find someone who knows a family that wants to relocate and help them.
This plan is not perpetual welfare, but a simple, short-term plan to
get a family back on its feet.
The poor who were dependent upon the federal government for
assistance before the hurricane, are probably going to have to depend
upon the same after the hurricane. What happened here is that FEMA set
up a mobile-home mini-city for those who could not find or afford
temporary housing. The look of the FEMA city is a bit haunting with no
colors, no landscaping, just rows and rows of mobile homes. Yet at
least they are clean, dry, and livable facilities for poor families.
The Nightmare of Dealing with Insurance Companies
During phase II, many families will discover that their insurance
companies are rotten scoundrels. (Remember, this is my personal
opinion.) They will be late in paying and will estimate way below
repair or replacement cost. Dealing with Liberty Mutual in the months
following hurricane Charley was my biggest nightmare. If I received
only what they initially offered me to repair my home, we couldn’t have
afforded to fix it. We would have lost our home. They were very late in
paying for repairs and we had to sell assets to pay installments on
repairs. For the five months before we moved out of our rental home in
July, Liberty Mutual didn’t give us a cent for temporary housing. The
rent check finally arrived after we had already moved back in our home.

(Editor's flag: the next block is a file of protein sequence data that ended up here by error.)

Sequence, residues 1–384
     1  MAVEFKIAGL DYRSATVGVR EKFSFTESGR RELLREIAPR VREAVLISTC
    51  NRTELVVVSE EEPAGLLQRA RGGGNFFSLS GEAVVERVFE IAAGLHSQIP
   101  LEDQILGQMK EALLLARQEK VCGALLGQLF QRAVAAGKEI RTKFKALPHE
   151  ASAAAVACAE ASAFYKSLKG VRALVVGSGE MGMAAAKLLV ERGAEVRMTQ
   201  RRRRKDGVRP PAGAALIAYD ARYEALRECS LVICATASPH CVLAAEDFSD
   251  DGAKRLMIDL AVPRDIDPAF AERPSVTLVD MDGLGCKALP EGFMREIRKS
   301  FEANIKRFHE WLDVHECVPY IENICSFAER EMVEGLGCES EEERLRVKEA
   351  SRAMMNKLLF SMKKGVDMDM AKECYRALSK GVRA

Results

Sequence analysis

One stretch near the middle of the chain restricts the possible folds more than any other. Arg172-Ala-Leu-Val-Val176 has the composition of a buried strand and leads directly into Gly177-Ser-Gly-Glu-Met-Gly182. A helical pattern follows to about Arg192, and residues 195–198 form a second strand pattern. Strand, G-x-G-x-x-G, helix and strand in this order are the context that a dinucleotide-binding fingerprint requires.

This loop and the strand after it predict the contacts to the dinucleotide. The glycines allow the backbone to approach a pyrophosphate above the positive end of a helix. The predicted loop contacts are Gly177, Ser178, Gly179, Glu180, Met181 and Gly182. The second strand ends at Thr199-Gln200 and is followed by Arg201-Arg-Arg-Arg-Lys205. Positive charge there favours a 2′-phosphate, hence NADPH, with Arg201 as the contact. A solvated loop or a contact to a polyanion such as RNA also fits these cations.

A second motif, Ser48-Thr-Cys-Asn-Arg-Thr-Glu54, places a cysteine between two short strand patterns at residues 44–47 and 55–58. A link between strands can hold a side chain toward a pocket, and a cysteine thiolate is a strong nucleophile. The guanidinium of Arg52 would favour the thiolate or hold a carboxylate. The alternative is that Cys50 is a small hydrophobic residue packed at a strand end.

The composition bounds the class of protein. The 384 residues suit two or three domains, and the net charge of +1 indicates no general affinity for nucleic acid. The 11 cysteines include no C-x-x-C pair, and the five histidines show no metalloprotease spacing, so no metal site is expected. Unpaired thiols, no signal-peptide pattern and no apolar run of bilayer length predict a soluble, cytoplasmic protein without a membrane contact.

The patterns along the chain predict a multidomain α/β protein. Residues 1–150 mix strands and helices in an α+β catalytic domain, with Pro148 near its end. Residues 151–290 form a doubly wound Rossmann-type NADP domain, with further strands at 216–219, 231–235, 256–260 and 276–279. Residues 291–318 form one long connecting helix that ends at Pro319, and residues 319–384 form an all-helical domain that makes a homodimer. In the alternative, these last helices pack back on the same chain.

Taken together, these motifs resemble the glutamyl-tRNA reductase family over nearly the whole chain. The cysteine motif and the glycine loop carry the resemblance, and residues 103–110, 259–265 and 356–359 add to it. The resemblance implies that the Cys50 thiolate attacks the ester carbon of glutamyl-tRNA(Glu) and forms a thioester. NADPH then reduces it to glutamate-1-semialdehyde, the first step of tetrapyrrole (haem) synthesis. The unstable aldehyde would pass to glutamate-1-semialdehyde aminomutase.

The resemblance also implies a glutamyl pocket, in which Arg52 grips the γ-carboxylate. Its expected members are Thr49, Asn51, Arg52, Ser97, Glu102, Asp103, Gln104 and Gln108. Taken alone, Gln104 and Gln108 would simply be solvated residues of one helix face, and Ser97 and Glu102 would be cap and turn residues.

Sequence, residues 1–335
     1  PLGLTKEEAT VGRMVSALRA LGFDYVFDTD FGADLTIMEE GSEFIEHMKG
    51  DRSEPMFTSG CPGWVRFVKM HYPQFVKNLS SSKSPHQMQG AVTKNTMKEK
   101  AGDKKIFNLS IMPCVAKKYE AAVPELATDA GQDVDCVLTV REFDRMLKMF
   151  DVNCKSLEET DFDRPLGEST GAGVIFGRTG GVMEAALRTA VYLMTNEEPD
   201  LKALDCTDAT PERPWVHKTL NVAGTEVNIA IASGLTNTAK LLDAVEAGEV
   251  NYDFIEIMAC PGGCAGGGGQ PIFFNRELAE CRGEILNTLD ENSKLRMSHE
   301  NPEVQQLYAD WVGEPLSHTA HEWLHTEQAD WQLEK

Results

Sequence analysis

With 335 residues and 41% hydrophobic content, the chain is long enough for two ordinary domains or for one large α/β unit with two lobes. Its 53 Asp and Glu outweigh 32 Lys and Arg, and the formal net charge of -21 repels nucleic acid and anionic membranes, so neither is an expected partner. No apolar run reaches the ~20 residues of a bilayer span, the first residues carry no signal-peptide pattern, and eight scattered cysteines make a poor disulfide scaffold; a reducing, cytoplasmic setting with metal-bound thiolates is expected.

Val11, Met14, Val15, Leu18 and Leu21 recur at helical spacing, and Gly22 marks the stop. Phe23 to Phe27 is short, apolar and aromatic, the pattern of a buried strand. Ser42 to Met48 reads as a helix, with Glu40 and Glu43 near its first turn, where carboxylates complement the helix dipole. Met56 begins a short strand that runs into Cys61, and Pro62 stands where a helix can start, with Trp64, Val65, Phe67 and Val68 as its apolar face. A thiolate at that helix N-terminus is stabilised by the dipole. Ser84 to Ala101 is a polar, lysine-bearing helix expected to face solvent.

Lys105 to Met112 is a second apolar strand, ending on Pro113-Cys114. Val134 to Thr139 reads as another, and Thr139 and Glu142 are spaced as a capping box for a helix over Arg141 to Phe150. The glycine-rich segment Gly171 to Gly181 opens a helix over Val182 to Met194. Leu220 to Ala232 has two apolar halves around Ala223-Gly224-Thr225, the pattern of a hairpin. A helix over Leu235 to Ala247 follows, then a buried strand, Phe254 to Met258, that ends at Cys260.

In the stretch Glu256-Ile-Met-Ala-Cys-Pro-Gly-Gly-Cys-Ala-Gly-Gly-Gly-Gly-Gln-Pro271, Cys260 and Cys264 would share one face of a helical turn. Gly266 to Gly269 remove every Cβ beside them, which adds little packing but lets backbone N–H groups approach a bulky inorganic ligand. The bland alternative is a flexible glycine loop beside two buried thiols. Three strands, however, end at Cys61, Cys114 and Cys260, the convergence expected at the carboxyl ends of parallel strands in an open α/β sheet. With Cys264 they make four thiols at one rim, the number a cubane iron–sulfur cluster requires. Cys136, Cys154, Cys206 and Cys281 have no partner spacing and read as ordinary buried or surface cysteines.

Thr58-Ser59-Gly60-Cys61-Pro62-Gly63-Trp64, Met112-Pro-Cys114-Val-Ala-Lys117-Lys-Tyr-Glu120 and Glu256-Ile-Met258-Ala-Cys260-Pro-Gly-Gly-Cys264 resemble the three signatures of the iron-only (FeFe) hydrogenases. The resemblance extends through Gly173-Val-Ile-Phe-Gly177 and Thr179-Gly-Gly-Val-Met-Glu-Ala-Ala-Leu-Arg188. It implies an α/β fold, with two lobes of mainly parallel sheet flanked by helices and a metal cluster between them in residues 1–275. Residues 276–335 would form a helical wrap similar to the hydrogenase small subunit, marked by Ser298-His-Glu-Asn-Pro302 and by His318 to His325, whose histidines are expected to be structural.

There were a few insurance companies in our community that were fair
and timely with meeting their obligations, but they were in a minority.
The single best thing I did after hurricane Charley was to hire
independent insurance adjusters that did battle with our insurance
company for us. I emphasize that you need honest adjusters. The first
set of adjusters we hired were unlicensed. They were arrested at
gunpoint by the Florida Department of Law Enforcement.
The second adjuster we hired, Ron Delo with Insurance Claims
Consultants, was an angel sent from heaven. I can’t begin to describe
his help in getting a fair adjustment from our insurance company. I
just called Ron before writing this letter and he is heading to
Louisiana, Mississippi, and Alabama. If you are interested in what he
offers, call 800-572-7914. If you really need to reach Ron in an
emergency situation, call him on his satellite phone at (254) 387-4714.
I am not making any type of formal, legal, or financial
recommendation for Ron. I am just telling you how he was an incredible
help to our family and to the Family Life Center in our recovery from
Charley. Ron is the type of person I would recommend to a family member
that had been slammed by another hurricane.
If the family you know is planning to rebuild, or if they want to
move on and relocate, they will probably come out way ahead with their
insurance company if they use a licensed and reputable insurance
adjuster. Help them find one.
I apologize for the length of this letter, but I felt that the
seriousness of the situation following hurricane Katrina demanded that
I offer what little advice I could.
Yours in His Majesty’s Service,
P.S. If you are sending a care package to a family, include a few
cans of stuff to fix flat tires. Flats have been a major headache all
year long following hurricane Charley. They are a super headache when
there aren’t any tire repair shops open.
Steve Wood as led youth, campus,
and pro-life ministries. A graduate of Gordon-Conwell Theological
Seminary, he served as an Evangelical pastor for a decade before his
entire family converted to Catholicism in 1990. Responding to a
challenge from Pope John Paul II to strengthen families, he started the
Family Life Center International in 1992. In just over a decade, the
Family Life Center has networked with 70,000 families in over 60
countries. He Steve and Karen Wood have been married twenty-six years
and are the parents of eight children. If you would like to receive his free newsetter sign up here. Contact the Family Life Center at www.familylifecenter.net.